Informal learning in Russia – Informal education in the anarchistic youth milieu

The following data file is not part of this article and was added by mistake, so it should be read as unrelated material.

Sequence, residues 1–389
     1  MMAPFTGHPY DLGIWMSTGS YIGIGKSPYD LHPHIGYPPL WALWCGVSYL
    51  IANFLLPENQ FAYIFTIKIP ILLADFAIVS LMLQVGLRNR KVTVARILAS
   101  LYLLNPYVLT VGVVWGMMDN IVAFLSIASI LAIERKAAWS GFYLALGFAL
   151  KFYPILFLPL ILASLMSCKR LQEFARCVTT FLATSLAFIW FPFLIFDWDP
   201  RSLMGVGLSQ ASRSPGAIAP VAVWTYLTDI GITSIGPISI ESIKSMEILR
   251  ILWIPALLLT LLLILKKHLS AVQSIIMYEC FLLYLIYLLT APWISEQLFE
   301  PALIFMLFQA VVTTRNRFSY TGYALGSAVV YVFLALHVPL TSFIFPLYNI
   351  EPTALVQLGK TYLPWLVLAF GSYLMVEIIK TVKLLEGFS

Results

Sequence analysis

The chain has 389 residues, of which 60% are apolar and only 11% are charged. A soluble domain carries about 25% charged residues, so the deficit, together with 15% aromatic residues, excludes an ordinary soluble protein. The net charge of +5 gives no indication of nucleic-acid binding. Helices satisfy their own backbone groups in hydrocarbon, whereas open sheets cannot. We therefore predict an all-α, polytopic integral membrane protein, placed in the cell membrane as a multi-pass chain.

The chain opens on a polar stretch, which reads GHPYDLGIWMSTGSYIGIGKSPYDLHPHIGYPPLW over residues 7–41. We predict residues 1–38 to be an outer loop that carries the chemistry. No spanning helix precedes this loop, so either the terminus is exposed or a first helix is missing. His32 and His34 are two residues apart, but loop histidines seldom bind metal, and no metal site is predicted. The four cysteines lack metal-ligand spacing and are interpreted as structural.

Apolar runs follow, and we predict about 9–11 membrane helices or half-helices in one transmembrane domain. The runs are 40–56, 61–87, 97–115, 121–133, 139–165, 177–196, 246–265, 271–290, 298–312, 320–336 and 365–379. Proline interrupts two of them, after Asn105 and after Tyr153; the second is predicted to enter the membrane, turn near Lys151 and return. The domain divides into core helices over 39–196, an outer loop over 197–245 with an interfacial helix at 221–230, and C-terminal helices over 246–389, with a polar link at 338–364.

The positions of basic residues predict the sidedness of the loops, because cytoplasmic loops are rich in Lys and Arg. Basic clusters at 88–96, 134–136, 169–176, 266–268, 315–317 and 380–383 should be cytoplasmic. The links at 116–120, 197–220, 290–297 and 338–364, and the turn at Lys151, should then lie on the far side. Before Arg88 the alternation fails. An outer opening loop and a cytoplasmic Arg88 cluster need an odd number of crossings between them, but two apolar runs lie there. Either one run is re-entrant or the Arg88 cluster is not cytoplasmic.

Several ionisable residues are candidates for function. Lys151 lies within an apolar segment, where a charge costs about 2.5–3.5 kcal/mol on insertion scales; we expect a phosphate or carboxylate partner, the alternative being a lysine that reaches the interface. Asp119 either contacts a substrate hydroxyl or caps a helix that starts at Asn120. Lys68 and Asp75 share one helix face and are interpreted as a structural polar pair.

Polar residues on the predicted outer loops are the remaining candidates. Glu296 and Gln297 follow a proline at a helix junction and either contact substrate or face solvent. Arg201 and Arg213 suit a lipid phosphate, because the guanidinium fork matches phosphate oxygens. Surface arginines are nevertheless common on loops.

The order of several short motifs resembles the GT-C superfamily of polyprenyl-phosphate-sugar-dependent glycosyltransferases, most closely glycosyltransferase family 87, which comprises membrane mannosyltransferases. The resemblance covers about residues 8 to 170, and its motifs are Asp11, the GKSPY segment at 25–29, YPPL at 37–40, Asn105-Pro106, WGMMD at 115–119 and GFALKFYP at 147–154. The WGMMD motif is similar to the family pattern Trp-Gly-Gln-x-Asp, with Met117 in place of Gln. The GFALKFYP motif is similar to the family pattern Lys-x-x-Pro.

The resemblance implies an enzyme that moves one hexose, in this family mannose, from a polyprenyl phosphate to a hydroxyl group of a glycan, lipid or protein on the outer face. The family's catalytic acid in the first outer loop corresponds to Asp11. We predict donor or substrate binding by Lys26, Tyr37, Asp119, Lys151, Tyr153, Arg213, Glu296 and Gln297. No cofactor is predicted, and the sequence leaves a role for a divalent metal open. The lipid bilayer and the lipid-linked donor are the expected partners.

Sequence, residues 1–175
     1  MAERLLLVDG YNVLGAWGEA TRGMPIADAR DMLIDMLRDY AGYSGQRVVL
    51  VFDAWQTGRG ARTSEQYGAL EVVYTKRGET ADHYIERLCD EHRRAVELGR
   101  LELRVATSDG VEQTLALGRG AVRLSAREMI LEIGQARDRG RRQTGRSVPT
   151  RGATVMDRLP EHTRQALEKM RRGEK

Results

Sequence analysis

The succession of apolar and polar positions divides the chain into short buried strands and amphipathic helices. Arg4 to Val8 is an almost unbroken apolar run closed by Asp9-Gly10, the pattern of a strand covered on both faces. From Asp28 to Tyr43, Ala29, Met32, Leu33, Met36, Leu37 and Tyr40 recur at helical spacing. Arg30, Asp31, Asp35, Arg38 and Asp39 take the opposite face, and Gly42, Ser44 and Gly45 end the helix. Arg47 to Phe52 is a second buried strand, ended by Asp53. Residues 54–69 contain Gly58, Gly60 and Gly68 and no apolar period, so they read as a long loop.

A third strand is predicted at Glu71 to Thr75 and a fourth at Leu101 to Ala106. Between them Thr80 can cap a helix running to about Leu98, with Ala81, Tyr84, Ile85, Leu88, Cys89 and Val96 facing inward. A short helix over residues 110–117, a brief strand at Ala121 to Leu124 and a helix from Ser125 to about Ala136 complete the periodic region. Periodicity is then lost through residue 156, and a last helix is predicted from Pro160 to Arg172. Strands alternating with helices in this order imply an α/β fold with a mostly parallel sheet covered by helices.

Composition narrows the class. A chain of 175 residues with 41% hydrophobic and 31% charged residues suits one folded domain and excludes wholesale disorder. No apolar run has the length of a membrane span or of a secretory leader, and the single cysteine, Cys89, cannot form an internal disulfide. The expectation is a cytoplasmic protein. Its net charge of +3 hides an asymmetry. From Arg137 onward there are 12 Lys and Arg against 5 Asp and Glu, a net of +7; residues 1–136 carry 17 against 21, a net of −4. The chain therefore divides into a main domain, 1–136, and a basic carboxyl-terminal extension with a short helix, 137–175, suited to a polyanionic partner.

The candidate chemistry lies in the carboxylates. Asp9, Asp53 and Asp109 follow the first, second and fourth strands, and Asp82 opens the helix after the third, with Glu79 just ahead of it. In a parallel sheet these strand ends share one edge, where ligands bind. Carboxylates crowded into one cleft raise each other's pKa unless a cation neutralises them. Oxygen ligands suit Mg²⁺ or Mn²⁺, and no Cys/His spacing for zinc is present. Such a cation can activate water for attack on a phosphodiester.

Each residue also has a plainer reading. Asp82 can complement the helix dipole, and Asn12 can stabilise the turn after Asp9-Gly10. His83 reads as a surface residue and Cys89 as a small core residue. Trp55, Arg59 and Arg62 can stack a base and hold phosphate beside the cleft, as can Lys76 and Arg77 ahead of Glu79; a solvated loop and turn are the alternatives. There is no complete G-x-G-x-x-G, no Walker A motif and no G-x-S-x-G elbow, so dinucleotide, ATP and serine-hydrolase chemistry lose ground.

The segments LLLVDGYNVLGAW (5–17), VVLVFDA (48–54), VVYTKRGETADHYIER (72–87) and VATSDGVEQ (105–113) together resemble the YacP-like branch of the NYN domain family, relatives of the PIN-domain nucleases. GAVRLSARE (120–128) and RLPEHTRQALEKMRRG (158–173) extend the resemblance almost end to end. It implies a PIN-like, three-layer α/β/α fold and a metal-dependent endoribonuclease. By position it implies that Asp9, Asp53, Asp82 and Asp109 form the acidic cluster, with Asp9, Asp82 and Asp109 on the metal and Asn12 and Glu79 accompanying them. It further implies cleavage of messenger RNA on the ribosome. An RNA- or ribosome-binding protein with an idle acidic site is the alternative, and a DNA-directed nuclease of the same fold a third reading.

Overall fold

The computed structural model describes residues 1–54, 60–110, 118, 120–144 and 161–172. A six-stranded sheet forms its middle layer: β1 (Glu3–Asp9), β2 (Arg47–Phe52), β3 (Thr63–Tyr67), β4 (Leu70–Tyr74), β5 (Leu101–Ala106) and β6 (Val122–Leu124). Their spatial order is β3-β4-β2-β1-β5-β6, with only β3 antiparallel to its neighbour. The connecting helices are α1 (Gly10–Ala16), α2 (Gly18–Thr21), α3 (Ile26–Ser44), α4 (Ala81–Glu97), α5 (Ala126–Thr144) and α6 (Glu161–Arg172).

This paper examines attitudes towards education and explores informal educational structures inside the urban community of anarchists. Informal education is one of the parts of lifelong learning that implicate the process of gaining knowledge and skills while individuals interact with their social environment. Many anarchists tend to criticize prevailing educational practices and maintain the concepts of libertarian pedagogy and postmodernist critique of formal education. They suggest that governmental institutions reproduce social inequality and constrain people from acquiring knowledge in order to create governable and disciplined subjects. Our findings show that anarchists realize their own learning needs and carry out appropriate learning activities that are concerned with their values and beliefs. By offering opposition to formal education and suggesting authentic ways of knowledge and skills producing and sharing (distro, workshops, open sources, etc.), anarchists incorporate their values and beliefs into their daily routine. Their rhetoric, deeds, consumption practices and forms of communications are tightly connected (in a dialectical way) with those attainments that are distributed by channels of anarchistic knowledge and skills sharing. The research was conducted by the Center for Youth Studies at National Research University Higher School of Economics (Saint-Petersburg, Russia) within the frameworks of MYPLACE (»Memory, Youth, Politics, Legacy and Civic Engagement«) project.